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Should we use Nuclear power in the UK

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What is Radiation?                                                                            


What is Uranium?


How Nuclear Power works?




Nuclear fission












Is it renewable?


Should we use Nuclear power in the UK?







In this case study I will be answering some questions on nuclear power and debating whether or not we should be using nuclear power. I will be exploring nuclear power as it comes up a lot on the news and also I find it a very interesting topic. Nuclear power stations currently produce about a quarter of Britain's electricity

Reference: (http://www.bbc.co.uk/climate/adaptation/nuclear_power.shtml). I will be looking at the science behind nuclear power, advantages and disadvantages and will come up with a conclusion whether or not we should use nuclear power.

What is Radiation?

Radiation is energy that travels in the form of waves or high speed particles.

There are many different types of radiation that have a range of energy forming an electromagnetic spectrum. However we are referring to the types of radiation used in nuclear power, nuclear weapons, and medicine. These types of radiation have enough energy to break chemical bonds in molecules or remove tightly bound electrons from atoms. These types of radiation are referred to as 'ionizing radiation.'

Reference: (http://www.epa.gov/radiation/understand/index.html#whatis)


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Burn                 Heat water                    Steam                    Turbines turn             Electrical

Fuel                  To make steam            turbines                 generators                 Powerimage05.pngimage05.pngimage05.png

Reference: (http://www.darvill.clara.net/altenerg/fossil.htm)

Diagram: How a nuclear power station works


Reference: (http://news.bbc.co.uk/1/shared/spl/hi/guides/456900/456932/html/nn2page1.stm)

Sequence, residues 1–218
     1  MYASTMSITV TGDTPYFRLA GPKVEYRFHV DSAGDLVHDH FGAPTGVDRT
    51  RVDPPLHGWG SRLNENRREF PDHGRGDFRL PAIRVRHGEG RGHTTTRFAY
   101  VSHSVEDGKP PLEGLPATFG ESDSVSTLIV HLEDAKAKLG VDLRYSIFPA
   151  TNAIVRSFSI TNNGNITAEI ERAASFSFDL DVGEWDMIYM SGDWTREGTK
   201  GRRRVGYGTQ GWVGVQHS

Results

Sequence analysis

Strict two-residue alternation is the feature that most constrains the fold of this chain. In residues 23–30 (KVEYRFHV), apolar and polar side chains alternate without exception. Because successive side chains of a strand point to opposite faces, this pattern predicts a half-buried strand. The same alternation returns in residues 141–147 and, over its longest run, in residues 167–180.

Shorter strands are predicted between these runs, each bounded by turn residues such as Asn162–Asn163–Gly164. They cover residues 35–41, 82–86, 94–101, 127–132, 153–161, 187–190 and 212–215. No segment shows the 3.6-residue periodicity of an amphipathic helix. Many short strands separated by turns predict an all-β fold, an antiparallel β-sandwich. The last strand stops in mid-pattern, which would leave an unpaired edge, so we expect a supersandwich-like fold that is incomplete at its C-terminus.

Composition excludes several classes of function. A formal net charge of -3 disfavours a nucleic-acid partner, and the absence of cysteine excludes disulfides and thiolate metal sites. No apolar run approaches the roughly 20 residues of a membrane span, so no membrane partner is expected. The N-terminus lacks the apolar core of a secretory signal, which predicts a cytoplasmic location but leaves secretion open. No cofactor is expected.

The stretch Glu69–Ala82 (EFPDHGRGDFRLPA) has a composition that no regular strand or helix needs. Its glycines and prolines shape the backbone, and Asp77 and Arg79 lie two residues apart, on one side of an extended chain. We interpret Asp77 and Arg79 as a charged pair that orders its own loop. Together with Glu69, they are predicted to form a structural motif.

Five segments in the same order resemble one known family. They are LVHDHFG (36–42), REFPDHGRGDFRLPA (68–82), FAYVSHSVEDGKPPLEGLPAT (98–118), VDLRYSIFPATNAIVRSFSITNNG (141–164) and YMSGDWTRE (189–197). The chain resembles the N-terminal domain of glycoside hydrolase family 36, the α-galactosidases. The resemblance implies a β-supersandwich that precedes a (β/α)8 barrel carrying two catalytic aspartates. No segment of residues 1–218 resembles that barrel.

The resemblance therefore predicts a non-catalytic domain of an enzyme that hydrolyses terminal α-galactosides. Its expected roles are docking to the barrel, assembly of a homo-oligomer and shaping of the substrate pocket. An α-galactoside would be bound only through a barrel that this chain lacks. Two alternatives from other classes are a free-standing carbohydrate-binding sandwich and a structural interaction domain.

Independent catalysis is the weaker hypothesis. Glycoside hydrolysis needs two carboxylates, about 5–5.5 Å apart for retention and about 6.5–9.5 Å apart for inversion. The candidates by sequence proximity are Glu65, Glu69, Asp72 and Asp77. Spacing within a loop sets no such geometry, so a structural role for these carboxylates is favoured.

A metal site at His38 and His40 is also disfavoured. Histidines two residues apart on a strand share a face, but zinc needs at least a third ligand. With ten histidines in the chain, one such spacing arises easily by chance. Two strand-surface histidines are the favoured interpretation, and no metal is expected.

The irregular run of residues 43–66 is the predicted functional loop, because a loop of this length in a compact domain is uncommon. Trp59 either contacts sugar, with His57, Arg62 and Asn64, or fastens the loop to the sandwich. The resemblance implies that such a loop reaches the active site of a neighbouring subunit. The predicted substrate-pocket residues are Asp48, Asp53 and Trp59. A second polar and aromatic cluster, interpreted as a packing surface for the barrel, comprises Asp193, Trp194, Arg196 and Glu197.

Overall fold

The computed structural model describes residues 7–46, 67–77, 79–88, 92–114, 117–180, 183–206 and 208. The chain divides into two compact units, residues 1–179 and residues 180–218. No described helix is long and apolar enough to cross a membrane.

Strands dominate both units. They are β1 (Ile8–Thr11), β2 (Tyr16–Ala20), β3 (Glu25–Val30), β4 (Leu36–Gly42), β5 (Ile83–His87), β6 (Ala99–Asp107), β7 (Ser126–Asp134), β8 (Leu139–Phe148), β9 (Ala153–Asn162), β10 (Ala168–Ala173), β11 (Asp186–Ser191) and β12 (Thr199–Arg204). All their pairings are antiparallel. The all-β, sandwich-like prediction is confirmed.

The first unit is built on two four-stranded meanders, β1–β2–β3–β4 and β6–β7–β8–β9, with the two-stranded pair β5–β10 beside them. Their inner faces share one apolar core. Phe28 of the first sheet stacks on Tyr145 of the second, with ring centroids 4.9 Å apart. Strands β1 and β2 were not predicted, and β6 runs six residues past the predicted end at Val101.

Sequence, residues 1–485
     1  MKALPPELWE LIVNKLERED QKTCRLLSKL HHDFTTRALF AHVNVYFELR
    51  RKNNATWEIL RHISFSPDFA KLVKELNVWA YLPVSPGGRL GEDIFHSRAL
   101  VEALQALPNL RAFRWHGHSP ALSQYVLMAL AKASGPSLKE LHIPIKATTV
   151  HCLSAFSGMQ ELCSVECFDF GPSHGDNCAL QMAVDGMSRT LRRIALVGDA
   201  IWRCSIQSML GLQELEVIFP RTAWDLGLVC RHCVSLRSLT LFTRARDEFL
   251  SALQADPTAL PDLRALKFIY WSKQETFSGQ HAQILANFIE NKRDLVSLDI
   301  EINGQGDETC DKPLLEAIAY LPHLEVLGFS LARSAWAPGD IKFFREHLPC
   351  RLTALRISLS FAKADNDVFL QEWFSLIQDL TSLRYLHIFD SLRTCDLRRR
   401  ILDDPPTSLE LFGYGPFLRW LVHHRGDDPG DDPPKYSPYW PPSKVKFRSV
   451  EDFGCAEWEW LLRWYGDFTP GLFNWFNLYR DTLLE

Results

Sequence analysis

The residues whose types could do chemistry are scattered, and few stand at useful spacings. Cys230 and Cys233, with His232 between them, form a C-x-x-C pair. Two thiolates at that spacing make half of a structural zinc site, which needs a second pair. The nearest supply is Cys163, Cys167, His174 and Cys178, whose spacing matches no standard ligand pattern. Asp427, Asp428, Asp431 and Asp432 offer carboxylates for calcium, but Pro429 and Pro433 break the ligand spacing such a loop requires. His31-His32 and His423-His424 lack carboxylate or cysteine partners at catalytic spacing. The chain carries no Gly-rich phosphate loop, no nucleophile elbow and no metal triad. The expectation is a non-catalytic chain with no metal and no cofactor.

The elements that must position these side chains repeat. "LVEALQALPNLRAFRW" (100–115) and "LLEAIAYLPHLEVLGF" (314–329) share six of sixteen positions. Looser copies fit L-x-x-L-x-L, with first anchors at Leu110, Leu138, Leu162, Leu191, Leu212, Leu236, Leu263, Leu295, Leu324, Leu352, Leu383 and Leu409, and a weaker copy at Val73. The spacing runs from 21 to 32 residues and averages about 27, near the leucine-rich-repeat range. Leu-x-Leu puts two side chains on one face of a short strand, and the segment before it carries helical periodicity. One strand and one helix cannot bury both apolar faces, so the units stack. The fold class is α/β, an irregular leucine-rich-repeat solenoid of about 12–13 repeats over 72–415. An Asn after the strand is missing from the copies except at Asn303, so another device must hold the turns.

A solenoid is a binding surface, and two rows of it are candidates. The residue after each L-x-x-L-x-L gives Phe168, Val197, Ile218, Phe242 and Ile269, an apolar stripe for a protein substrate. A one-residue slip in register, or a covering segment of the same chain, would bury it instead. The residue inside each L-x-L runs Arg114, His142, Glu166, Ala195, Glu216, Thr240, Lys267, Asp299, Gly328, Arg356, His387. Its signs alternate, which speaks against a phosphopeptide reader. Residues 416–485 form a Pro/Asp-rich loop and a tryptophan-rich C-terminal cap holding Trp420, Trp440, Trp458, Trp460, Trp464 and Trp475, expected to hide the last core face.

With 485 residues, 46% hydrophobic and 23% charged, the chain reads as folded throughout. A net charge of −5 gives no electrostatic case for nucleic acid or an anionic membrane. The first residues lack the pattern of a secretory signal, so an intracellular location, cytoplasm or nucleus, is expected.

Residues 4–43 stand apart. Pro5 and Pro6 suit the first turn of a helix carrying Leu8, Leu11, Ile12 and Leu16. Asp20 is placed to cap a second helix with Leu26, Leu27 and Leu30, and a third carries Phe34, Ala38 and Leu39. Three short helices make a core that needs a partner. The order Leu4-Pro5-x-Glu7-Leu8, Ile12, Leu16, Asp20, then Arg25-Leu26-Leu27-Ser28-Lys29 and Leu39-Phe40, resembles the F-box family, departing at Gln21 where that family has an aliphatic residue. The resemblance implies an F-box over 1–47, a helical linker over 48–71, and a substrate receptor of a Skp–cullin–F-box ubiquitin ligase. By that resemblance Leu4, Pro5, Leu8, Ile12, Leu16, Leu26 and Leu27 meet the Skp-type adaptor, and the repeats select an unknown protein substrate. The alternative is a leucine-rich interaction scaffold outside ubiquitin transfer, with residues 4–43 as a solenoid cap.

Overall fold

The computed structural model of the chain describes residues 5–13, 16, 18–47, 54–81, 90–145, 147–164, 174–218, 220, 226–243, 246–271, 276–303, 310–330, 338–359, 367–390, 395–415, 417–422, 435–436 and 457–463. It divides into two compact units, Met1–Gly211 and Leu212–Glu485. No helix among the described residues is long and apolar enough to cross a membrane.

Nuclear energy is from energy the nucleus (core) of an atom. Atoms are tiny particles that make up every object in the universe. There is enormous energy in the bonds that hold atoms together. Nuclear energy can be used to make electricity. But first the energy must be realeaed. It can be released from atoms in two ways: nuclear fusion and nuclear fission


Reference: (http://www.explainthatstuff.com/atom.jpg)

Nuclear fission

During nuclear fission a small particle called a neutron hits the uranium atom and splits it, releasing a great amount of energy as heat and radiation. More neutrons are also released. These neutrons go on to bombard other uranium atoms, and process repeats itself over and over again. This is called a chain reaction. Nuclear power plants use nuclear fission to produce electricity

Reference: (http://hyperphysics.phy-astr.gsu.edu/hbase/nucene/nucbin)

The fuel most widely used by nuclear plants for nuclear fission is uranium. Uranium is non-renewable, though it is common metal found in rocks all over the world. Nuclear plants use a certain kind of uranium (U-235)

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(Last visited: 9, Feb, 2009http://www.bbc.co.uk/schools/gcsebitesize/science/21c/radioactive/generatingelectricityrev2.shtml)

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Nuclear power has not been around for very long and yet we now question its ability to provide us with what we need; Its performance is not what we are questioning but the sustainability and the environmental impact it has on the planet. More and more nuclear power plants are being built and more and more plants that being dismantled. The money needed for both assembling and disassembling power plants is beyond extreme, can the world really continue on acting in this way. Throughout this case study I will be looking at the benefits and drawbacks of nuclear power, the critical dates in history that led to what we now have and the dangers of nuclear power but the core issue that must be stressed, that must be recognized as a priority, is questioning if nuclear power is sustainable? Nuclear energy explained There are...

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